Opponents of marijuana legalization are habitually dishonest and wrong about all sorts of things, but one of their most recklessly fraudulent claims is that legal marijuana won't generate significant tax revenue. This isn't even a matter of speculation. It's already happening.
Medical-marijuana dispensaries are now putting hundreds of thousands of dollars a month into state and city treasuries in Colorado.
So far this year, the state has collected more than $2.2 million in sales tax from dispensaries. In Denver, which has more dispensaries than any other city in Colorado, the businesses have also paid more than $2.2 million this year in local sales tax. Colorado Springs has collected about $380,000 in local sales tax. [Denver Post]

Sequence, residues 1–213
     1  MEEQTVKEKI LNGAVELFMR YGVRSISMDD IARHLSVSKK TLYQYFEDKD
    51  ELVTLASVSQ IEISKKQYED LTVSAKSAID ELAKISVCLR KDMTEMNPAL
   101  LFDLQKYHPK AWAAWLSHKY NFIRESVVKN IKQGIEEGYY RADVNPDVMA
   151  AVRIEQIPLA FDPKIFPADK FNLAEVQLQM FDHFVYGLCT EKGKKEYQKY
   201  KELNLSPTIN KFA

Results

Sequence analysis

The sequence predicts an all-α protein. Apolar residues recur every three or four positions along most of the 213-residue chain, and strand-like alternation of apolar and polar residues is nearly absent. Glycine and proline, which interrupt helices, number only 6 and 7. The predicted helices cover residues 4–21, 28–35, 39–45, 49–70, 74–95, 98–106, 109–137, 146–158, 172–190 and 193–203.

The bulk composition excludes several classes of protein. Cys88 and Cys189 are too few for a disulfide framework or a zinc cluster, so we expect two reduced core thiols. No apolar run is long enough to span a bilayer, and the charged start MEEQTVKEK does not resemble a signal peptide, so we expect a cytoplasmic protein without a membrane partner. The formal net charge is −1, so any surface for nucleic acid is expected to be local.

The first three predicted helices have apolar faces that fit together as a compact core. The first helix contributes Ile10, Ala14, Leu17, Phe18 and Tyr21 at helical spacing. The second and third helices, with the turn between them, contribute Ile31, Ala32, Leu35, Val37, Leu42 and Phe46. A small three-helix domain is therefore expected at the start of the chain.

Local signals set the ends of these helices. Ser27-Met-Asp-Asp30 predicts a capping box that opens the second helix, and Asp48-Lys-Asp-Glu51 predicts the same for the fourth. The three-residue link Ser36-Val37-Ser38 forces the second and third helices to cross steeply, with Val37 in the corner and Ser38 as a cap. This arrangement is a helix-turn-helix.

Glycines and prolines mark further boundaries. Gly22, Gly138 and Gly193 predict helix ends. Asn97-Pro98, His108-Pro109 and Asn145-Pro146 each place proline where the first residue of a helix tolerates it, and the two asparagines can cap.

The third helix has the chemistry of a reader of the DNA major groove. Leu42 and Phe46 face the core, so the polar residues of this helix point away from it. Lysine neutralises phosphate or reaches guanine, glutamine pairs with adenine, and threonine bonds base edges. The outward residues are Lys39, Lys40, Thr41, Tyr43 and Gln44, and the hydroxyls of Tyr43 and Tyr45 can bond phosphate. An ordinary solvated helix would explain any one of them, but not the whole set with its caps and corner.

And yet it remains frustratingly easy to find prohibition supporters smugly insisting that it can't be taxed because it grows on trees or because it's illegal under federal law. That is the level of discourse being brought to the table by our opposition and this is but one particularly devastating example of how plainly and profoundly false their arguments always are.
Implicit in all of this is the fact that by attempting to refute the concept of cannabis taxation, our critics have unintentionally acknowledged the significance of the issue. As is often the case in the contemporary debate over marijuana policy, the opposition's preferred talking points amount to little more than a series of desperate attempts to obscure the widely understood benefits of legalization. Lying about basic verifiable facts is a miserably unsustainable debate tactic, but this group of people isn't known for being intimidated by the truth.